Bloggers and TV comics have ridiculed it, and now state legislators will get their first chance Thursday to debate unusual legislation that would put tight restrictions on how state and local agencies plan for rising sea levels. (See 6/8/12 story with reader comments: "Senate likes the slow-rise approach to sea-level forecasting")
The Senate Agriculture, Environment and Natural Resources Committee will air the proposal, which was drafted by Republicans in response to controversy over a state-appointed science panel’s warning that a rise of one meter (39 inches) is likely by the end of this century. Coastal economic development interests protested that the figure was much too high, and they persuaded the state Coastal Resources Commission to reject the panel’s findings.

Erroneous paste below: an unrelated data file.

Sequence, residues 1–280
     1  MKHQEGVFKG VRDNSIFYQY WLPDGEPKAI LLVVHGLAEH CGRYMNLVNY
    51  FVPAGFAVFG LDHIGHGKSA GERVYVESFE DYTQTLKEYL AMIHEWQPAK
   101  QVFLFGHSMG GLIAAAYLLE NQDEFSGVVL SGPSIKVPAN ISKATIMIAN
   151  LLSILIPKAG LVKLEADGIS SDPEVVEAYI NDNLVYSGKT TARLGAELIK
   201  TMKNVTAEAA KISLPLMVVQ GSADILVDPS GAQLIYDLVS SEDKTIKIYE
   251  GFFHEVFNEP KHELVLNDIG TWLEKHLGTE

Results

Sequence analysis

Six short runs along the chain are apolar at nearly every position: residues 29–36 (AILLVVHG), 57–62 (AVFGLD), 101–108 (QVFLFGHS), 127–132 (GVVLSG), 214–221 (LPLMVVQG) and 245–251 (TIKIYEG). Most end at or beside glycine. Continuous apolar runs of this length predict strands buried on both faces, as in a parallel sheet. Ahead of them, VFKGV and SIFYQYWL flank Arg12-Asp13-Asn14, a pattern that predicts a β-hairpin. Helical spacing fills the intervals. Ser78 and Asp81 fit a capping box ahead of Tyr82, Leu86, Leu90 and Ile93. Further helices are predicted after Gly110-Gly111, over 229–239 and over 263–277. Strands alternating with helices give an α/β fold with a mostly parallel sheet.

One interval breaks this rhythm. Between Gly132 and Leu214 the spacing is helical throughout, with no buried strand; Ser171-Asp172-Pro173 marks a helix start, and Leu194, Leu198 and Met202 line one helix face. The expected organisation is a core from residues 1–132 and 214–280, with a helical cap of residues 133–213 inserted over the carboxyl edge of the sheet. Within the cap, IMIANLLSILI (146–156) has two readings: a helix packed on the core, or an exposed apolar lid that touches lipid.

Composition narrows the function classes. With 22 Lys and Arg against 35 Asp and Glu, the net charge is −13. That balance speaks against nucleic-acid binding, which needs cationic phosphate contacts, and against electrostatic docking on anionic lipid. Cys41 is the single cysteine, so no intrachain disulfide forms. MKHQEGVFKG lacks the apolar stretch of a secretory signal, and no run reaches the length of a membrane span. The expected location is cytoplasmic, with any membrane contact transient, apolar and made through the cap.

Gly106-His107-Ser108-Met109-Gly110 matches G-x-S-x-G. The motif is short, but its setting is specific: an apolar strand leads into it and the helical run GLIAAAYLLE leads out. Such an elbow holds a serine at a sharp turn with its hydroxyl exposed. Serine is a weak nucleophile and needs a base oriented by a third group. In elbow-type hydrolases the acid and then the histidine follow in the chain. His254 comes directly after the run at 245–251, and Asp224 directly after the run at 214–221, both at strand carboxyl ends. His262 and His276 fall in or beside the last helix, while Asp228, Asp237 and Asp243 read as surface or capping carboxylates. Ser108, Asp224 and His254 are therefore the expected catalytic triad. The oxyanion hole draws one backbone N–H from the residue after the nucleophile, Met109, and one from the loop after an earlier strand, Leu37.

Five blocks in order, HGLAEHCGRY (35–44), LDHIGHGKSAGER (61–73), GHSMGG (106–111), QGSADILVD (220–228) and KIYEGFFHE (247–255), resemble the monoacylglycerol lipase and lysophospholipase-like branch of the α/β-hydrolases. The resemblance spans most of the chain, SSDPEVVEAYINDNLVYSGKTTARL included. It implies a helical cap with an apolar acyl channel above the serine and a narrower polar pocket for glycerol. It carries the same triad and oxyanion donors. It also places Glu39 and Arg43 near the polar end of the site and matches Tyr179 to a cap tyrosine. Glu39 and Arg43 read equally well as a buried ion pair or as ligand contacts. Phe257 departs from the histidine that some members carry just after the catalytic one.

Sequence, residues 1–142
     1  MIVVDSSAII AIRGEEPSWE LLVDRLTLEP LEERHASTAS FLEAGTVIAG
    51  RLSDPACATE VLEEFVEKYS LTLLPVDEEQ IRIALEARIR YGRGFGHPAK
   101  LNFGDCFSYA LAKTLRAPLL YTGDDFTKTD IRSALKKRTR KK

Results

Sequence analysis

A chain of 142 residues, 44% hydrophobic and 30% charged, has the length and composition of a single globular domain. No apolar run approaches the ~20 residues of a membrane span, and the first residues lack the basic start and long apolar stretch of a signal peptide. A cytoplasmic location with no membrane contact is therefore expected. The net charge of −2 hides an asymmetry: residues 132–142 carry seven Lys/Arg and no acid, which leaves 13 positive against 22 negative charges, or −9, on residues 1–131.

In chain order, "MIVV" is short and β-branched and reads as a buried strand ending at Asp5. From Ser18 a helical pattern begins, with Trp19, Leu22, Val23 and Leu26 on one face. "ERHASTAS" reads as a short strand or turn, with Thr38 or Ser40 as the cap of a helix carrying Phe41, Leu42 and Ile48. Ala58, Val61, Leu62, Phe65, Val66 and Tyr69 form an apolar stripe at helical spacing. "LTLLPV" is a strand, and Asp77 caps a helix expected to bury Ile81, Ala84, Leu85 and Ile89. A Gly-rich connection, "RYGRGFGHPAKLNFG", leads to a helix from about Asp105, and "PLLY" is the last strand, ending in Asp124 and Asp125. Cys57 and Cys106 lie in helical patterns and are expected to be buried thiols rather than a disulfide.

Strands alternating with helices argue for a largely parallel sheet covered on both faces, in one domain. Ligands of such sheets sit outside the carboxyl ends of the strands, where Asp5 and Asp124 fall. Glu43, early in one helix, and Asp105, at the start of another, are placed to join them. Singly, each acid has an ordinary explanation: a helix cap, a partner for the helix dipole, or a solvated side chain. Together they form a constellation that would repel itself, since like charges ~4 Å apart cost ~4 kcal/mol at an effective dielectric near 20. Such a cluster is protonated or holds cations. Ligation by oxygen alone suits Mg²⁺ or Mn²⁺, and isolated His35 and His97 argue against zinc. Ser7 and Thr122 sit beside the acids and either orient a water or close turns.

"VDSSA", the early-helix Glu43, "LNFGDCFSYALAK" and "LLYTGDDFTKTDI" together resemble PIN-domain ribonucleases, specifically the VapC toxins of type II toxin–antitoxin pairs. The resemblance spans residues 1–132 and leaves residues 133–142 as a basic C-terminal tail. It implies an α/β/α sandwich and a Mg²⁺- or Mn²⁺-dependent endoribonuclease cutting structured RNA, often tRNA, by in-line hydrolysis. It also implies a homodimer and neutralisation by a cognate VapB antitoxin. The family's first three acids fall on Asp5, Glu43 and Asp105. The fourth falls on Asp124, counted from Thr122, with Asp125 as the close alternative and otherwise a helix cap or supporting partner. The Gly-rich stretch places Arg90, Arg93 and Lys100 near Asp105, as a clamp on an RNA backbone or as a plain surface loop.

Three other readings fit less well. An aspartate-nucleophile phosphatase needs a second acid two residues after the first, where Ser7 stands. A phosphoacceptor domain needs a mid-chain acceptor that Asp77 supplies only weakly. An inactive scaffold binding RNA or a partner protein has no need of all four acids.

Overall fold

[Update 7 a.m. 6/7/12: The revised legislation text was released this morning and is attached below, with broader guidelines and without some of the narrow restrictions that had been circulated a few weeks ago.
Scientists, developers, environmentalists, property owners and other interested parties: I'm reporting on this today. Please read this legislation and let me know what you think about it. Remember to include your name and contact info.
It makes the Coastal Resources Commission the sole agency "authorized to define rates of sea-level rise for regulatory purposes" and says: ... [MORE]